So I tried the renting bit for a day, but it just wasn’t for me. So as of a minute ago, I’ve got a new, bigger house in Altadena.
Paint samples are ready!
Air filters for the new digs.
Picking up paint samples
Great hot day for a Kona Ice
After almost 9 proud years of home ownership, the house is sold and I’m a renter yet again.
A bit irked that they don’t have the 200 sheet wrapping paper, so they charge me more to get two 100 sheet boxes. #poorcustomerservice
8am and it’s already 94 degrees outside.
The OER movement continues to have a significant impact on students, faculty, and the way teaching is occurring. OER can overcome barriers to students
For hundreds of years, the white-dominated American culture has raised the specter of the dangerous, violent black man. Host John Biewen tells the story of a confrontation with an African American teenager. Then he and recurring guest Chenjerai Kumanyika discuss that longstanding image – and its neglected flipside: white-on-black violence.
The story of Bhagat Singh Thind, and also of Takao Ozawa – Asian immigrants who, in the 1920s, sought to convince the U.S. Supreme Court that they were white in order to gain American citizenship. Thind’s “bargain with white supremacy,” and the deeply revealing results.
I’m embarrassed to say that I’d never heard these stories or known about any of these laws and their history. Or worse, I’m embarrassed to say that the education system has failed me and millions of others. This sort of history should be broadly known in America.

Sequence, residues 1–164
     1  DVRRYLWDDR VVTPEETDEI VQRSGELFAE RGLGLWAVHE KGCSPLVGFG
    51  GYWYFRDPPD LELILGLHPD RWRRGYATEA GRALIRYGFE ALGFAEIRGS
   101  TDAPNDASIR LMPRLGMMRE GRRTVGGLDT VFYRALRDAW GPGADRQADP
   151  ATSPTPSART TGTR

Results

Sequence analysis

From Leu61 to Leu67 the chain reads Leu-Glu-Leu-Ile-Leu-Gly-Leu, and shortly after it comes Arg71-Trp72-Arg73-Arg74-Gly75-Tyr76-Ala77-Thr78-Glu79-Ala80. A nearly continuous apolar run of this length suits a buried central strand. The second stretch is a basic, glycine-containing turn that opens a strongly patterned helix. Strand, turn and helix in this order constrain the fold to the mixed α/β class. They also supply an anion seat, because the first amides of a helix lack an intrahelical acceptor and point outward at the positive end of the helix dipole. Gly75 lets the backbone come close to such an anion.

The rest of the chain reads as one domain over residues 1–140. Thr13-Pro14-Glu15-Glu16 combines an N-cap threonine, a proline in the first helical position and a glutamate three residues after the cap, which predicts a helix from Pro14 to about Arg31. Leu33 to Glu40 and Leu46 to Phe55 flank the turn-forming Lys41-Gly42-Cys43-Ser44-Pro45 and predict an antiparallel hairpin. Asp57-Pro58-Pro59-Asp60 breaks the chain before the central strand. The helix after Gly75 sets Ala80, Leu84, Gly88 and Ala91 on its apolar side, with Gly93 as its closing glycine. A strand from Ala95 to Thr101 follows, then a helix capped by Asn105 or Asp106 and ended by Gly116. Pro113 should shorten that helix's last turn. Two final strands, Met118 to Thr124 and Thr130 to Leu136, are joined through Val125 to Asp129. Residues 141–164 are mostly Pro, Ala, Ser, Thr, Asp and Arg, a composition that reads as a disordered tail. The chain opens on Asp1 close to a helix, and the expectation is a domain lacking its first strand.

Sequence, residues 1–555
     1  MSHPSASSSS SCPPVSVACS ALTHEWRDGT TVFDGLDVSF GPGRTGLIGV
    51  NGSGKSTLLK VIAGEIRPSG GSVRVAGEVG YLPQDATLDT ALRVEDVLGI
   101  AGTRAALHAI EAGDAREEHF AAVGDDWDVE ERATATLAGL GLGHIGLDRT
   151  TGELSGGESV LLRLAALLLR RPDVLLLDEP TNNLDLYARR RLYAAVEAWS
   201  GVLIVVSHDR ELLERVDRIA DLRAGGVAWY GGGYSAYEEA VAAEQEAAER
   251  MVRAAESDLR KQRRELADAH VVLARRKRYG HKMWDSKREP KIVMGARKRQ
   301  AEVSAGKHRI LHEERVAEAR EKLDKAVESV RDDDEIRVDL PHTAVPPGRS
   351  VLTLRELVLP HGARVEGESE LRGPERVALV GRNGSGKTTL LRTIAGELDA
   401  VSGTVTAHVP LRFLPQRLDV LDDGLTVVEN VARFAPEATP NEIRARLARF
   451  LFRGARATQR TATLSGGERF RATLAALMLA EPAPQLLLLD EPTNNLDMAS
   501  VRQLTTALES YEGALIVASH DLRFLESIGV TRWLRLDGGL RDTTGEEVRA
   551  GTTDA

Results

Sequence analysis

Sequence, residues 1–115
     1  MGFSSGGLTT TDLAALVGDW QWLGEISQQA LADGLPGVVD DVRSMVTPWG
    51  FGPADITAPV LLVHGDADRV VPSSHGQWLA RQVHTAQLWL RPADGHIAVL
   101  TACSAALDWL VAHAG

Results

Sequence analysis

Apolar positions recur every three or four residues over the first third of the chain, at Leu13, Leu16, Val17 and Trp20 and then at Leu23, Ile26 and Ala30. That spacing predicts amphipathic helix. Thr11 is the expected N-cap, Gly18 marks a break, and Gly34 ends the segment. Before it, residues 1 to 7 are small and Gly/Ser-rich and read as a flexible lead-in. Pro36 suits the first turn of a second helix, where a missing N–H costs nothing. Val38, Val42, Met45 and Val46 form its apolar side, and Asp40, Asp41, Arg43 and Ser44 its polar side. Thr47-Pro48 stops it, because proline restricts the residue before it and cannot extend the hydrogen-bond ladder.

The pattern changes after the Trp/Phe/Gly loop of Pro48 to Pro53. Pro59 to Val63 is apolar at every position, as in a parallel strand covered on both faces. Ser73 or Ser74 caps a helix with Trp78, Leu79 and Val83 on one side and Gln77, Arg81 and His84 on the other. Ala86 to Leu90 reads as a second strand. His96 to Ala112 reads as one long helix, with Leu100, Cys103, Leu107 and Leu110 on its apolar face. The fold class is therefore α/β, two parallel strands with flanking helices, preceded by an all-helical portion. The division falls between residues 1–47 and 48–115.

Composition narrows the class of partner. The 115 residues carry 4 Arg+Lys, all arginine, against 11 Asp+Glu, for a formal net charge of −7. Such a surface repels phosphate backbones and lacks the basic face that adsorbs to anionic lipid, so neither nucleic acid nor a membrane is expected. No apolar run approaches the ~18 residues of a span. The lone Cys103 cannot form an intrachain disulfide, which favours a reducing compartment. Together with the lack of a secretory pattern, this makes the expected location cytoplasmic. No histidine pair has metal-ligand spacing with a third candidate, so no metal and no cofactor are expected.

Discussing having an IndieWebCamp in the near future.
In 1919, a white mob forced the entire black population of Corbin, Kentucky, to leave, at gunpoint. It was one of many racial expulsions in the United States. What happened, and how such racial cleansings became “America’s family secret.”
The history of Corbin as presented by the Corbin city government, with no mention of the 1919 racial expulsion.
Elliot Jaspin’s book, Buried in the Bitter Waters: The Hidden History of Racial Cleansings in America
Another in a long line of stories and history I wished I had learned in US History. I knew things were bad having grown up in the American South. I had no idea that they were this painfully bad. Holy shit.
“How attached are you to the idea of being white?” Chenjerai Kumanyika puts that question to host John Biewen, as they revisit an unfinished conversation from a previous episode. Part 7 of our series, Seeing White.
Photo: Composite image: Chenjerai Kumanyika, left; photo by Danusia Trevino. And John Biewen, photo by Ewa Pohl.
Relistened to this episode as a prelude to getting back into it after a long summer. Glad that there are so many more episodes to catch up on.